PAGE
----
“Mineral deficiency taxes our adrenals and makes it hard for our bodies to keep up with the demands of the day,” says Vora.

If you’re deficient in magnesium, and 80% of people are, you might feel anxious, tired, have trouble sleeping, and get migraines.[9] The good news is that magnesium supplements are cheap and easy to find. Learn more about how to find the best magnesium supplement for your body.

Also make sure you sprinkle your meals with high-quality sea salt or mined pink Himalayan salt, which contains about 80 trace minerals, including potassium, calcium, magnesium, iodine, iron, and zinc.

 

 

Practice mindfulness meditation.

Meditation reduces anxiety at the neural level, by firing up specific areas of the brain that calm your nervous system. In a 2013 study, people with everyday anxiety were taught mindfulness meditation — when you pay attention to your breath and body, and accept your thoughts and feelings without judging them.[10] After four 20-minute classes, the researchers scanned participants’ brains, and found that meditation activated parts of the brain related to executive function — your ability to think rationally and plan ahead — and emotional awareness.

Nearly 50 other studies have found that mindfulness meditation can improve anxiety, along with other psychological stresses like depression and pain.[11]

Follow this simple mindfulness meditation routine:

  1. The great thing about mindfulness meditation is that it can be done anywhere — on the train, at your desk, or while cooking dinner. But when you’re first starting out, it helps to find a quiet spot where you won’t be easily distracted.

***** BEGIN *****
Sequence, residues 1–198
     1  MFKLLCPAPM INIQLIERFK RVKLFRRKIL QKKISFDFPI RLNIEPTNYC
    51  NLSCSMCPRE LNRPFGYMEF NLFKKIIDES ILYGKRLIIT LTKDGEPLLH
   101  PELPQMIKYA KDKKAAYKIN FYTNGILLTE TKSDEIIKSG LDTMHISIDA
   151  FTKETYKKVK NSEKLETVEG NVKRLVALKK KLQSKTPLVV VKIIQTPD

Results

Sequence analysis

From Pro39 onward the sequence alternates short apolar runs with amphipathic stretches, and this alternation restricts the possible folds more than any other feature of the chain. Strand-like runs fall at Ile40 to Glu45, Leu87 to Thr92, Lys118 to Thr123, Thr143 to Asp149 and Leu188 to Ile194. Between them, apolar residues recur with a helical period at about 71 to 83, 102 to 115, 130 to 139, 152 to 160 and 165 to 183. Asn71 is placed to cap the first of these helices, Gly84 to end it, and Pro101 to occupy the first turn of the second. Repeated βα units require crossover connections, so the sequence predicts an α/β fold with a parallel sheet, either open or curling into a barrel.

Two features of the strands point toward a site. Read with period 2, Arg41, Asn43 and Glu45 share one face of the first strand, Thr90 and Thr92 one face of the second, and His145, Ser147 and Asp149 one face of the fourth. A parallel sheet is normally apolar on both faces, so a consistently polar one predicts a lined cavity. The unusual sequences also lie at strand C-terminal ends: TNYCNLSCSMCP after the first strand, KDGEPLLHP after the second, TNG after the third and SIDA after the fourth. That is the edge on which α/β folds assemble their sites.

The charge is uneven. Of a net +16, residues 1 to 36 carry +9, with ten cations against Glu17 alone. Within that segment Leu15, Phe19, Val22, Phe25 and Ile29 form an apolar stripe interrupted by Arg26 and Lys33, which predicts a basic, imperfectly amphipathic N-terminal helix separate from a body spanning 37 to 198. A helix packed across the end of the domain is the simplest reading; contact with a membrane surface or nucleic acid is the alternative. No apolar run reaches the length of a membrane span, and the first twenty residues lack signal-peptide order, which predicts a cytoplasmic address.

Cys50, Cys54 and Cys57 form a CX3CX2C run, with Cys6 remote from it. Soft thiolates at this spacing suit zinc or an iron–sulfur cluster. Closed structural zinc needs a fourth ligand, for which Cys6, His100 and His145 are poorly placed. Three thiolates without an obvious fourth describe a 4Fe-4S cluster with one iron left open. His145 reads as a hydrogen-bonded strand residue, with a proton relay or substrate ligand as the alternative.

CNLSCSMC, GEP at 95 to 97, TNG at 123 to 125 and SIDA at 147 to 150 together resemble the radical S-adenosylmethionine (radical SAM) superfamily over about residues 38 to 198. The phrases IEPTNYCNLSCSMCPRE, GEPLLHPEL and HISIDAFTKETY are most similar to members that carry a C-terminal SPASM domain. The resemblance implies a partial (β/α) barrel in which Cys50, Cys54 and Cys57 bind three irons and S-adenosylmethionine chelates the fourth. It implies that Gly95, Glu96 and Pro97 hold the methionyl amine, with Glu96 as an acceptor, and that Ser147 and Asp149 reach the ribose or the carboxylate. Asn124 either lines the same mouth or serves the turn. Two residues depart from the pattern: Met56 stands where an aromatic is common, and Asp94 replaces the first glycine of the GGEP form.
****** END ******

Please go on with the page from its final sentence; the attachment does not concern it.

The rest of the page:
2. Once you’re sitting comfortably, gently watch as you breathe in and out. It may help to close your eyes, but whatever works best for you. Allow your breath to rise and fall, and simply observe it.
  3. Thoughts will come up, and that’s okay. The goal with mindfulness meditation isn’t to suppress thinking — you merely allow the thoughts to pass by without judgement, so you can return to your breath and the present moment. Notice the feeling of the floor beneath you, or the sounds outside. You’re fully in the moment, simply enjoying breathing and being present.
Smart Tips For Using Up Your Entire Farmer’s Market Haul

Smart Tips For Using Up Your Entire Farmer’s Market Haul

This article first appeared on Mind Body Green.

Nobody likes throwing food in the trash—it’s a waste of money and resources that ladders up into a global issue: We never eat roughly one-third of all the food we produce.

While composting your scraps is a step in the right direction, avoiding them altogether is even better. Wen-Jay Ying, the founder of Local Roots, is on a mission to help New Yorkers do just that. “I see a lot of people saying that eating food that looks funny is a way to fight food waste. I think it’s important to evolve that conversation since most food waste happens in the kitchen, whether it’s at home or in a restaurant,” she tells mbg.

Ying’s company connects people with fresh produce, meats, and cheeses that have been grown within 250 miles of the city, distributing it at pickup locations around NYC. The CSA program also adds a layer of education by offering sustainable cooking tips and opportunities to build community.